Mud Hens’ infielder Wade Gaynor, who has been scuffling around the Mendoza line of late, was in the cage late Thursday afternoon when the batting practice pitcher stopped throwing and started preaching.
Leon Durham, the Hens’ hitting coach, told Gaynor his swing was off kilter; his bat was on the wrong path. There was something about opening a car door, which is not what a baseball player wants his swing to imitate. There was something about side-spin and backspin. It was baseball talk.
Then Bull Durham, as he has been known to all for about 39 years, ever since he arrived in professional baseball, went back to pitching. And on his next swing, Gaynor drove the ball high off the wall in left-center field.
“Yeah, baby,” Durham yelled.
Bull celebrates all small victories. And he’s had a bunch of them, and some big ones too, as the longest-tenured coach in Toledo baseball history. He arrived in 2001. He has been wearing the cap with the silly bird on it for 14 seasons.
On Thursday night, the Hens celebrated the Bull on his 57th birthday, honoring him with, facially and otherwise, maybe the best bobblehead doll ever produced.
“It’s him,” said Hens manager Larry Parrish, “from the cutoff sleeves on his T-shirt to the sweatband, to the towel around his neck. It’s a man who’s ready to work. And that’s Bull. He’ll put in all the time the players want. He definitely deserves this tribute.”
Durham, a Cincinnati native and resident, was drafted in 1976 and was in the big leagues by 1980. He spent 10 seasons there, the best of them with the Chicago Cubs, and was a two-time All-Star selection, who finished his career with 147 home runs and 530 RBI. The man could hit, probably still can, and he’s been teaching others to do it ever since.
“A bobblehead; how about that?” Bull said. “Nothing like that has ever happened for me. The way I see it, it’s just a privilege to put the uniform on every day.”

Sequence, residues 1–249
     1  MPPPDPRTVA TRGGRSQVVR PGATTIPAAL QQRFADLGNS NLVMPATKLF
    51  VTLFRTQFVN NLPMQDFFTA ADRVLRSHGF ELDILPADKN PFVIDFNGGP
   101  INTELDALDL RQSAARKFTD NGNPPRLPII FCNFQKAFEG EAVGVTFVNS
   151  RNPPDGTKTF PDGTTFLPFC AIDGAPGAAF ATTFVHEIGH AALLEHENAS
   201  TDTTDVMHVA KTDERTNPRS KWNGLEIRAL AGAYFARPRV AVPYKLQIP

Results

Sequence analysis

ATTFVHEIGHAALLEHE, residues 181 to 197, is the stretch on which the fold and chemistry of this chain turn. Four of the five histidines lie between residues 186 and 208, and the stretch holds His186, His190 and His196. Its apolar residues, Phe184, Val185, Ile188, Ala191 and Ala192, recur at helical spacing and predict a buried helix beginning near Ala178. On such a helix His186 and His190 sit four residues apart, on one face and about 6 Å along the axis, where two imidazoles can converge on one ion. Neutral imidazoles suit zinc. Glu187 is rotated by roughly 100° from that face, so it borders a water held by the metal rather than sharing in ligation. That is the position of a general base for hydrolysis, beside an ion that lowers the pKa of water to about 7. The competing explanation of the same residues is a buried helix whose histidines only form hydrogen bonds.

Parrish and Durham agreed that 14 years in one minor-league city is an awfully good run and, said the manager, Toledo has been lucky to have the Bull this long.
“It means that I have a job and somebody likes me,” Durham said. “It’s a matter of how you carry yourself, I think. I try to give my knowledge about hitting to the younger guys, try to get them ready for the next level, and when they get an opportunity, when the phone rings from Detroit, that’s my reward.”
He got one of those paybacks Thursday when, after the Tigers traded Austin Jackson, the call came for Ezequiel Carrera, who was having his best minor-league season (.307, 6 HR, 68 runs) under Bull’s tutelage.
Nobody was more bullish on Durham’s help than Marcus Thames, who came to the Hens as a broken prospect in 2004. Two months and 20 homers later, he was up for good and had an eight-year major league career.
“He’s a dedicated baseball man,” Parrish, who has had Durham on his staff for eight seasons. “He just wants to see guys get better. He’s good; really good. If there’s any surprise that he’s been here for 14 years, it’s that it’s unfair the phone has never rung for him.”
And that’s no Bull.
Contact Blade sports columnist Dave Hackenberg at: firstname.lastname@example.org or 419-724-6398.